Then we had a little ginger terror who we really did adore but she was a bit of a nightmare.

The ginger terror

We got her as a teeny kitten from a cats rescue shelter and we just thought she was full of beans but she gradually started to show her full character. She could be really clingy to us and want to be wherever we were to then in an instant turn and fly across the room at you and go for whichever limb or bit of skin was most vulnerable. I’ve seen grown men quake when she entered the room. To try to sort this out we got a cat behaviourist in to assess her, we read up on loads of cat behaviour stuff but nothing made any difference. She’d cuddle up to you all soft and sweet and then boom she’s got you!

And then I fell pregnant. We started to get really worried about how we’d manage her behaviour with a baby. We spoke to people, we got advice and in the end we had to give her up for adoption. We cried our hearts out that day we had to hand her over because we did love her and really wanted it to work. She was a beautiful girl.

So do you think that perhaps we are fated? We just have bad luck together as cat owners?

But I do love cats. The boys we had together first were so lovely, so friendly and gentle. They’d be great with Sam. The husband is super keen, but despite it being my initial idea, I keep weighing up the pros and cons:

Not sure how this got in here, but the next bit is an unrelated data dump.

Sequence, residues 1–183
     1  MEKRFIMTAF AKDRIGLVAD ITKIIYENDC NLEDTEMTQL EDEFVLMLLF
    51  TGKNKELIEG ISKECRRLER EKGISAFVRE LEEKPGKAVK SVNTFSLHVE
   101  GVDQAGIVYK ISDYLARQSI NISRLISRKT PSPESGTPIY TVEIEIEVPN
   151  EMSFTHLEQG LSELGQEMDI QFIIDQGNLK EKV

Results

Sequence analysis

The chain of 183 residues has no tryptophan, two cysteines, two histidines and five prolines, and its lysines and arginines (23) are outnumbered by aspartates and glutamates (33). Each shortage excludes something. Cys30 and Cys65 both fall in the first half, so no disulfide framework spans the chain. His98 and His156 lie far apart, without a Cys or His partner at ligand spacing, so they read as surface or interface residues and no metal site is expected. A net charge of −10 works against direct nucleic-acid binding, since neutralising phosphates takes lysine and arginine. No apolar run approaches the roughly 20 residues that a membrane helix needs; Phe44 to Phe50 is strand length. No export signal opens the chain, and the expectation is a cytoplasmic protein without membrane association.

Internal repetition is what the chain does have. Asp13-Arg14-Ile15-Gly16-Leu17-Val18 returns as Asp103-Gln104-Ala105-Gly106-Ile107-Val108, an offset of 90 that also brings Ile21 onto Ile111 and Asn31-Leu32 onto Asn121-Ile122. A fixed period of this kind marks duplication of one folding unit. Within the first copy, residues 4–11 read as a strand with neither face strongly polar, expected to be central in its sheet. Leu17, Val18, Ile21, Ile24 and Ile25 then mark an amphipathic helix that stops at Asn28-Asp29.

What if they are hunters like we’ve had before. Could I handle them bringing in wildlife when I’ve got Sam downstairs? No, I don’t think I could now. But we could get a slightly older cat that is use to being a house cat.

But then we’ll have to have a litter tray. Yes, but we would always keep it clean and Samuel isn’t mobile so wouldn’t be crawling into it.

What if we suddenly have to go into hospital, what happens to the poor cat? Auntie C and her daughter are just two doors up and would be happy to help.

What if the cat sits on Sam? Sam is never left alone for very long, especially when he is in his nest downstairs so unlikely to be too much of a problem.

Although it was me that initially mentioned the idea of getting a cat (although I’ve always known that husband would jump at the chance), I do seem to be dithering over whether to go for it. Am I just making a big deal out of what should be quite straight forward? I think just after our bad luck if we do go for it, I want to make sure we make the right decision.

So it’s over to you cat lovers out there. Tell me all the good points of having a cat. Please. And help us to end our (or my) furry dilemma.